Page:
“Affordable energy in ample quantities is the lifeblood of industrial societies and a prerequisite for the economic development of others”. Jon Holdren, 2001

There is no doubt that Nigeria is blessed with abundant energy resources, but the challenge has always been how to utilise the revenues to diversify the economic base, particularly the power sector. Consequently, the country is plagued with the inability to generate adequate power supply for the teeming populace and the business sector. The following quote from President Obama captures the ubiquitous importance of developing a robust power sector.

“And we believe that nations must have the power (electricity) to connect their people to the 21st Century. Access to electricity is fundamental to opportunity in this age…. It is the lifeline for families to meet their basic needs. And it is the connection that is needed to plug Africa into the grid of the global economy”.

The upsurge of oil theft in Nigeria has assumed alarming dimensions. It has been estimated that Nigeria is losing between 300,000 to 400,000 barrels of crude oil per day to oil theft, pipeline vandalism and related crimes. The incessant destruction of pipelines and other oil infrastructure across the country as well as trade in stolen oil by criminal cartels with international connections have continued unabated despite Federal Government’s efforts.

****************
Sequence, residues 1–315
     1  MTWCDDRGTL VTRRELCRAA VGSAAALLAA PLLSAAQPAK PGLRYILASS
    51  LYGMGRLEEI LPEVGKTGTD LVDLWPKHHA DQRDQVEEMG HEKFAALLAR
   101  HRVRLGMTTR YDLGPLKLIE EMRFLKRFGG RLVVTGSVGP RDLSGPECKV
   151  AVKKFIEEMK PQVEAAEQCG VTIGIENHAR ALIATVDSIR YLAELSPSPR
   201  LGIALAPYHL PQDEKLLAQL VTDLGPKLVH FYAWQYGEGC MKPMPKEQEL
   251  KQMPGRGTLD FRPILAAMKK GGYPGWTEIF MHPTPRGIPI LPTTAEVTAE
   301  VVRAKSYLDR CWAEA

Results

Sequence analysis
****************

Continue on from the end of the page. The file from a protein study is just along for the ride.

Thus, oil theft and illegal bunkering activities in the Niger Delta pose a challenge that threatens the very foundation of the oil industry, and by extension, the Nigerian economy.

It is ridiculous to note that Nigeria is considered one of the top 40 most corrupt nations in the world, particularly in its dealings with the oil industry. However, by strengthening its democratic institutions, Nigeria can tackle corruption, maintain political stability and make good governance a possible.

For drastic economic development in the face of dwindling oil revenue, we must face the fact that, there are no easy options; there are only hard choices to be made.
Prof. Chijioke Nwaozuzu, a downstream petroleum economics and policy expert is the Deputy Director of Emerald Energy Institute for Energy and Petroleum Economics, Policy and Strategic Studies, University of Port Harcourt.